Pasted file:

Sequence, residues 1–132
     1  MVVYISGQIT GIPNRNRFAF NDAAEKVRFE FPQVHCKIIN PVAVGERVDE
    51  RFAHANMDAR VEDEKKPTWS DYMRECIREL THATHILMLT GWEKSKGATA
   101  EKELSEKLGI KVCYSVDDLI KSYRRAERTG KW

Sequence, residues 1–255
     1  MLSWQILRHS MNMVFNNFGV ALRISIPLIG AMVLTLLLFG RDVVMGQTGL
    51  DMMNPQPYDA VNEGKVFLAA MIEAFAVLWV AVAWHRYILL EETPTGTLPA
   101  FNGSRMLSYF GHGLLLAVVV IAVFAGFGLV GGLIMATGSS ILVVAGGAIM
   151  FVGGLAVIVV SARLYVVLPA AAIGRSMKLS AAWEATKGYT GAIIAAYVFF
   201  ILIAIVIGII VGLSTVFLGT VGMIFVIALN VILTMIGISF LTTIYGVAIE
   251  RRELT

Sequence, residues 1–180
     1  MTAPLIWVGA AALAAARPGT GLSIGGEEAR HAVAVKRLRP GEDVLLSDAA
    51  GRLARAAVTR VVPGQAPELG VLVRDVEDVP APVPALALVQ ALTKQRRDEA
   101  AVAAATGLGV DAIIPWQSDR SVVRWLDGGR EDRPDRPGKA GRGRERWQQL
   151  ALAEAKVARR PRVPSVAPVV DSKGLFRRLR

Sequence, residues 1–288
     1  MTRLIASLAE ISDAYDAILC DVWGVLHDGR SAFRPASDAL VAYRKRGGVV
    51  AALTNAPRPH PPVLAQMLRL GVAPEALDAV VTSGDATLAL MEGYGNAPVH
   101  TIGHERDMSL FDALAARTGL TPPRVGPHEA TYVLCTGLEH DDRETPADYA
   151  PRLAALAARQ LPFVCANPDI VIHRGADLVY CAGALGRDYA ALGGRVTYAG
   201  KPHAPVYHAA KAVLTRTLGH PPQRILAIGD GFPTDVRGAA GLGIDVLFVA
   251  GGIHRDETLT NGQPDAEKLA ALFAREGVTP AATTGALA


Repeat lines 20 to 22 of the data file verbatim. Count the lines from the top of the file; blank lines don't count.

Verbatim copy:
   101  TIGHERDMSL FDALAARTGL TPPRVGPHEA TYVLCTGLEH DDRETPADYA
   151  PRLAALAARQ LPFVCANPDI VIHRGADLVY CAGALGRDYA ALGGRVTYAG
   201  KPHAPVYHAA KAVLTRTLGH PPQRILAIGD GFPTDVRGAA GLGIDVLFVA